American remakes of European shows generally don’t work. (And vice versa.) Gracepoint, the US re-do of Broadchurch, doesn’t seem to have bucked that trend: after generally lukewarm reviews it was canned by Fox after one season. David Tennant reprises his lead role as tortured cop with a Secret Past, and Anna Gunn plays Olivia Colman. In truth, I can’t think of a single reason to watch this, unless you’re a Tennant stan. If you do, though, apparently it has a different ending. Inasmuch, that is, as the UK version actually had a season 1 ending, following its deconstruction in season 2 (ITV Encore, tonight, 10pm).
And the ongoing search for the highest of high TV concepts reaches its logical – if unpleasant and exploitative – conclusion, with new drama Parts, in which a reputedly wealthy heiress is kidnapped. In each episode her abductors send one of her severed body parts to someone connected to her past or present life, thus unfolding more of the mystery. So “Part 1” is her left ring finger, “Part 4” will be her right ear, and so on. Do you see how this works? It’s difficult to see how Parts could make it to a full 22-episode season, as they’ll presumably start to run out of limbs – Part 7 will apparently be her right hand – and one would guess that a second season with the same victim is completely out of the question. On the bright side, though, UK viewers are in the same position as everyone else, as the first episode is being shown everywhere today. April 1st.
And coming soon, some TV heavyweights: Mad Men, Louie, Treme, Jane the Virgin, Madam Secretary, and a show with dragons in it.
Time to turn all the lights on and lock ourselves in the panic room; Stalker returns to Sky Living tomorrow (Monday) night at 10pm to finish out its first and almost-certainly last season. In fairness, there’s been no official word yet, but ratings do suggest our weekly fix of “Good” Stalker Jack, Sad Stalkee Beth, Desk Cop Ben and Jansplanation Janice is likely to be a limited, er, pleasure which we should enjoy while we can. Ho-hum. I’m not remotely fussed about it being cancelled, but writing and talking about Stalker is fun, and it was getting better by mid-season finale time, so we’ll stick with weekly reviews for now.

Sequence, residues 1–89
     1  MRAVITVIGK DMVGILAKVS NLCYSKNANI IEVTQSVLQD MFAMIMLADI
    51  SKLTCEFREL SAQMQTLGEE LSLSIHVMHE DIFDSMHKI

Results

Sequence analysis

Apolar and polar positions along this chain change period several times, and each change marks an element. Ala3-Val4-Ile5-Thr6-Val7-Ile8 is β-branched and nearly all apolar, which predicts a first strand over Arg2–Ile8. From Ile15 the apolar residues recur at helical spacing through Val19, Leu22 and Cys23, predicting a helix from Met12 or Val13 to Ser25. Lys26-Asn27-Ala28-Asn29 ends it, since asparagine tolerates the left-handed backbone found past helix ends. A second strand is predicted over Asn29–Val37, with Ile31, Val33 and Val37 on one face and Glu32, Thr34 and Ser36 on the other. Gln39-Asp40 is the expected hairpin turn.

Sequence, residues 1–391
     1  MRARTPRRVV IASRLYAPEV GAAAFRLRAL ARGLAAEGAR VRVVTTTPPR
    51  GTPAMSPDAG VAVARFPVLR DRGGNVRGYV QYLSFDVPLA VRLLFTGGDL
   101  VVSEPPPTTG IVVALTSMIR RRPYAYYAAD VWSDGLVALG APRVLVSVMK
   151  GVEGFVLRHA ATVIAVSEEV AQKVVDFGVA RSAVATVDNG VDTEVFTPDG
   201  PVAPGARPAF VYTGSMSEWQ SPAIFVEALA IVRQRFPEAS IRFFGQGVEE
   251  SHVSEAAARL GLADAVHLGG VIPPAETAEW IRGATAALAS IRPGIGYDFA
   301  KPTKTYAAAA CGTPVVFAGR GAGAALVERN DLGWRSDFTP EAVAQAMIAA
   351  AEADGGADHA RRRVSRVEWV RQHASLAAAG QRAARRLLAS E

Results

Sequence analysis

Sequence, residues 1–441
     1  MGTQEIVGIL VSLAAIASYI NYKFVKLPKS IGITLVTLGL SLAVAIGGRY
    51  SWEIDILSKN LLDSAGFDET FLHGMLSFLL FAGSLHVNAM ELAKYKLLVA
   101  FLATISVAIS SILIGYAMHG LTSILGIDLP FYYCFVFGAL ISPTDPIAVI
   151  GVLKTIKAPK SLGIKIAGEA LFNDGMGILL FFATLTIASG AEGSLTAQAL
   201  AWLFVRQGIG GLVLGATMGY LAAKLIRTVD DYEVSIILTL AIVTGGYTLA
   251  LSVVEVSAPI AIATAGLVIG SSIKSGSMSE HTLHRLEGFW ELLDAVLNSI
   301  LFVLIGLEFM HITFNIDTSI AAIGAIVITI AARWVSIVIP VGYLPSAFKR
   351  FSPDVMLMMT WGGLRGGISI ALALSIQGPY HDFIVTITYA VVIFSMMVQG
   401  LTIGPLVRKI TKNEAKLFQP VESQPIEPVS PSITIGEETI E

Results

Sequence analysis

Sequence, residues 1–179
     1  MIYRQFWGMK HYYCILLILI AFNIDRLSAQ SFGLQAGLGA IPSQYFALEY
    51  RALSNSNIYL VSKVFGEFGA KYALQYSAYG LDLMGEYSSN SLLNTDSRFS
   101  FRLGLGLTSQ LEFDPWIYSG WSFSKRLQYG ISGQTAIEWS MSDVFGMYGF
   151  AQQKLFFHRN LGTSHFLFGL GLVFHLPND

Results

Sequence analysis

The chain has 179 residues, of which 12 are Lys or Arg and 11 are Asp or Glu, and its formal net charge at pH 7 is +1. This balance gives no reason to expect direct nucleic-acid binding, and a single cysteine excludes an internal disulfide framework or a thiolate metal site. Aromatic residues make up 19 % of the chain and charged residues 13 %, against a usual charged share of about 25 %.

Apparently, Marvel’s Agents of S.H.I.E.L.D also got better, eventually, but not quickly enough for us, so we ditched it in the middle of season 1. Word is it’s completely different now, of course, but too late for unpopcult to care, I’m afraid. Anyway, season 2 finished its winter hiatus and returned to Channel 4 this past Friday (27th) at 8pm, so if you’re still interested, you can catch up on 4OD. Or just watch Captain America: The Winter Soldier again, instead. That was great.
It’s been around 10 months (seriously) since season 2 of Person of Interest ended on UK tv, a year and a half (!) since season 3 began on US tv and six months since season 4 followed it. One might be forgiven then, for thinking channel Five had quietly ditched the Machine and moved on. Plenty of viewers will have, after all. But, for those of us in the UK who still care despite the channel’s best attempts to put us off, turns out Five is finally bringing us season 3 of Jonathan Nolan’s suits’n’ surveillance conspiracy drama, as of Monday (23 March) at 10pm.